COVID-19 Vaccine for American Indian and Alaska Native Children
Is your child vaccinated against COVID-19 variants?
The Association of American Indian Physicians is partnering with the Centers for Disease Control to increase COVID-19 vaccination rates among American Indian and Alaska Native children. Vaccines are safe, effective and available, now for our youngest generations.
Children ages 6 months and older are eligible for their primary COVID-19 doses and booster vaccines.
If your child hasn’t received a first dose vaccine or is eligible for a booster, contact your local Indian Health Service Clinic, pharmacy or doctor to schedule their COVID-19 or booster vaccine.
The Association of American Indian Physicians
Is your child vaccinated against COVID-19?
Vaccines are safe, effective and available to American Indians and Alaska Native children ages 6 months and older. Download the latest brochure on child vaccines.
Protect our next generation of leaders; protect our culture.
Vaccinated children help protect our families, our elders and our culture. Vaccines are a low-risk way to improve the health of individuals and the community. Vaccines are:
- Safe: Dr. Mary Owen calls vaccine research for children “extremely safe”. Significant research occurred before the CDC recommended vaccination for children and “no serious safety concerns” were identified.
- Effective: Even if a child or teen gets sick, vaccination can help keep them from serious illness.
- Available: Contact your local Indian Health Service Clinic, pharmacy, your doctor or your child’s pediatrician to schedule a COVID-19 vaccine.
IS MY CHILD ELIGIBLE FOR A COVID-19 BOOSTER SHOT?
As of current standards, most children are eligible for vaccines. Some children may be eligible for booster shots, as well.
- People ages 6 months through 17 years should get all COVID-19 primary series doses and, if eligible, the updated (bivalent) booster dose recommended by the CDC.
- Children that have received a (monovalent) booster may also be eligible for an updated (bivalent) booster.
- If it’s been more than 2 months since your child received their last COVID-19 vaccine dose, your child may be eligible for updated booster doses. Check the CDC website or with your American Indian Physician to stay up to date with your child’s boosters.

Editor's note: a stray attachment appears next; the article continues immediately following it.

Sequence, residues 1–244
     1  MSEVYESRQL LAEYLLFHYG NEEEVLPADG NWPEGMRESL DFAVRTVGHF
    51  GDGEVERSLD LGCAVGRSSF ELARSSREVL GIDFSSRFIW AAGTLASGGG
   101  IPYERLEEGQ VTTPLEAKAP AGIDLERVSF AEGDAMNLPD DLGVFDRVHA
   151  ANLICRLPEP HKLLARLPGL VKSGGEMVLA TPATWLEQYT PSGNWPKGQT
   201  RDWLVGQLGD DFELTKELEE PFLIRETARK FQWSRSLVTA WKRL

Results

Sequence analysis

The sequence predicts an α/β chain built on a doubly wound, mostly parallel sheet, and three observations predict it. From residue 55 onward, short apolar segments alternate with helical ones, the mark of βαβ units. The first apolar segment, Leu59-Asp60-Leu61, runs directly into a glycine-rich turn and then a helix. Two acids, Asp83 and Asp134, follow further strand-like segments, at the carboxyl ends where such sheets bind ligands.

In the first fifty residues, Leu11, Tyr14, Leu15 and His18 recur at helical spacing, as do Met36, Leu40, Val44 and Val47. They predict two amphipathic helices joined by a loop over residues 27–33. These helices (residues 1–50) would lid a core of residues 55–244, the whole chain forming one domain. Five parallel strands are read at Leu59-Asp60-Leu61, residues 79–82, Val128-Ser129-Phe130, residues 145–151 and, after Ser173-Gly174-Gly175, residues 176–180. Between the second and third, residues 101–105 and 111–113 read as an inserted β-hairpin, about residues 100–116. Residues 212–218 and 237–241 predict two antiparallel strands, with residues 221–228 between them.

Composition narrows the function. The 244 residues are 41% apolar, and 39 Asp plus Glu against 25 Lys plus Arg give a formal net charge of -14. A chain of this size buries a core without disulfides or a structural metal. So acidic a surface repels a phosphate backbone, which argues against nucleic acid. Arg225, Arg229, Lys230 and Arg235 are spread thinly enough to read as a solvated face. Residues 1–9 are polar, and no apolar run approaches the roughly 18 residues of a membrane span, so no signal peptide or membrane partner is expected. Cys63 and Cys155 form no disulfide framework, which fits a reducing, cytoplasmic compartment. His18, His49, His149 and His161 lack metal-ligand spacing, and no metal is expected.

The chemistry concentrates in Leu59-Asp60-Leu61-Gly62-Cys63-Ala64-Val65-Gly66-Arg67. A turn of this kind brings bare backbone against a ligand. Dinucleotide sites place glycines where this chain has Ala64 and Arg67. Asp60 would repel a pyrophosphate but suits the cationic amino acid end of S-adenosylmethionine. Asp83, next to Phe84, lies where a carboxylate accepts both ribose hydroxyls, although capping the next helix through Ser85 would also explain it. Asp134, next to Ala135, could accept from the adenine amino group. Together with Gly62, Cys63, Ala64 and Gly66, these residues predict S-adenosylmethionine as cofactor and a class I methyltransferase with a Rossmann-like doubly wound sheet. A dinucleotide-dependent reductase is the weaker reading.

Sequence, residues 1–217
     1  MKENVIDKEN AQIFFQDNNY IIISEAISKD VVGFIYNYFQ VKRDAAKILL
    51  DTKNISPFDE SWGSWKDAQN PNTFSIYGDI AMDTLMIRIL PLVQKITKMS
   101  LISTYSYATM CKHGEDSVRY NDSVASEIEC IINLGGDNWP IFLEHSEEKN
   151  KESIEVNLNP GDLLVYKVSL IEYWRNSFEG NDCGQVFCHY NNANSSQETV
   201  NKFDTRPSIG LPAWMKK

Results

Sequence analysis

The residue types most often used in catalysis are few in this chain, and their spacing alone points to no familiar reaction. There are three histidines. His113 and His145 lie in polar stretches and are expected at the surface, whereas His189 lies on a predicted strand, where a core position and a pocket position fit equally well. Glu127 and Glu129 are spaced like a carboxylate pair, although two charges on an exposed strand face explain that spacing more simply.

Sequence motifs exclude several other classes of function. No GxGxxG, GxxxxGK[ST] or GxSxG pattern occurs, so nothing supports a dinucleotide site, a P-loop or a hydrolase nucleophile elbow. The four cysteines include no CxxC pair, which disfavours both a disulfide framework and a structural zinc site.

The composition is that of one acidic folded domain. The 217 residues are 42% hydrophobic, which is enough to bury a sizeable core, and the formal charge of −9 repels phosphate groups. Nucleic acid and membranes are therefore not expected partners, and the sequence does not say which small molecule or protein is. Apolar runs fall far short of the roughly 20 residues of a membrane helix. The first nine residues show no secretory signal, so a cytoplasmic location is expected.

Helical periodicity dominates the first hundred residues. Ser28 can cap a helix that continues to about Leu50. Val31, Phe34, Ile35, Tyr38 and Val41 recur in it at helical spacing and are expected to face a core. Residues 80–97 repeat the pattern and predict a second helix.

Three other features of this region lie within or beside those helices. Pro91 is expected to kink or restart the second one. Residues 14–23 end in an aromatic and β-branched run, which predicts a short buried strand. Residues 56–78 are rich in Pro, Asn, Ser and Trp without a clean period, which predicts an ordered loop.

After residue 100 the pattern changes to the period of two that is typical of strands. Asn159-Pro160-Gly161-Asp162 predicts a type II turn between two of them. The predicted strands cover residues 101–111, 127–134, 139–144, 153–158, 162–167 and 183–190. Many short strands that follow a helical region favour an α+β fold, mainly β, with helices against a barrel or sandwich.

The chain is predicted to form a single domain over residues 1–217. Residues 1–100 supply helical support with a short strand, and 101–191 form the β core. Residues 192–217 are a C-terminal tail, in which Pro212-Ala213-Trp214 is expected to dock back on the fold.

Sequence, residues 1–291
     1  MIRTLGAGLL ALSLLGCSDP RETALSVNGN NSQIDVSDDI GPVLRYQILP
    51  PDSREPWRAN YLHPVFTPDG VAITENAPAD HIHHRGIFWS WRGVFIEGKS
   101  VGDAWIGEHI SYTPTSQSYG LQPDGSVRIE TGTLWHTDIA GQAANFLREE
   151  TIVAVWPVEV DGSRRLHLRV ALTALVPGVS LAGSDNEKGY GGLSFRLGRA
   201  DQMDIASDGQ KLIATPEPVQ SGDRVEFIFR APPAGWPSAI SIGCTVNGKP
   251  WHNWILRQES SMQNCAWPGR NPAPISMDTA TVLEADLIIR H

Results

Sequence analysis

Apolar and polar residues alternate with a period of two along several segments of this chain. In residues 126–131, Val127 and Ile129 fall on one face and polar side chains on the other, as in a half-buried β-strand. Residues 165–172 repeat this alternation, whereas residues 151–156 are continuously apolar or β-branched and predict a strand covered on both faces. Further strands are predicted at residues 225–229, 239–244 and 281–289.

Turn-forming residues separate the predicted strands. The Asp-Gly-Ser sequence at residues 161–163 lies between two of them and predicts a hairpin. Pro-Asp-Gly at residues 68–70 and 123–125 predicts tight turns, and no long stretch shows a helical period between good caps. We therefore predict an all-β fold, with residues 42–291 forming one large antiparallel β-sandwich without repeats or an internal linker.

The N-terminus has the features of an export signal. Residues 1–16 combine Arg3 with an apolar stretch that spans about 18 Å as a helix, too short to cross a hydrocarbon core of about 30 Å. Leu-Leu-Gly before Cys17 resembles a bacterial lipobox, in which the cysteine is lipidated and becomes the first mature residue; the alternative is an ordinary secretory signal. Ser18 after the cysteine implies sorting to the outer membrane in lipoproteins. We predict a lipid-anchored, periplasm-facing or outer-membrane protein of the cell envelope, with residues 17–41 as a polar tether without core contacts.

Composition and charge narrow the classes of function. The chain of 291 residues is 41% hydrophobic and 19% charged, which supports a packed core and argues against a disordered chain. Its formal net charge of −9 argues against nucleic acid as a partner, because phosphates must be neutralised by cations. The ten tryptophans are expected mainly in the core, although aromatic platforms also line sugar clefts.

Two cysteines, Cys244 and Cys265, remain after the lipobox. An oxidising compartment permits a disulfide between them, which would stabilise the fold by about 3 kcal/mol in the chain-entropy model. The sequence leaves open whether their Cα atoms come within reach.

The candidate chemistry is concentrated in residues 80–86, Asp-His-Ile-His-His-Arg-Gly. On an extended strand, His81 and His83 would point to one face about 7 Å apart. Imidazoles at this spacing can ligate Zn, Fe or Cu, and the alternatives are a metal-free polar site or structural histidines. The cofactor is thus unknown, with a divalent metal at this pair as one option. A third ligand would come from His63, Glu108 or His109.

The Top COVID-19 Vaccination Myths
Protecting American Indian and Alaska Native communities from COVID-19
Children make up 17.9% of all COVID-19 cases.* They can spread the virus to vulnerable community members and get sick from the virus themselves. Protecting your child from COVID-19 by getting vaccinated also protects your community.
*American Academy of Pediatrics, May 11, 2023
Native children have suffered a caregiver loss rate much higher than white children.*
Is the COVID-19 vaccine safe for my child?
- COVID-19 vaccines have been tested in clinical trials before being widely available.
- Children are much more likely to get very sick from COVID-19 than any small risk associated with the vaccine.
- Vaccinated children protect infants under 6 months and vulnerable adults from serious illness.
Is the COVID-19 vaccine effective?
Even if a child or teen gets sick, vaccines can help prevent serious illness. Vaccinations are effective in reducing risk of serious illness in both children and adults.
- American Academy of Pediatrics
- Johns Hopkins Medicine
- Mayo Clinic
If your child hasn’t been vaccinated or is eligible for a booster, contact your local Indian Health Service Clinic, pharmacy or doctor to schedule your COVID-19 or booster vaccine.
The Morehouse School of Medicine National COVID-19 Resiliency Network (NCRN) coordinates a strategic and structured national network or national, state/territorial/tribal and local public and community-based organizations that will mitigate the impact of COVID-19 on racial and ethnic minority, and rural populations.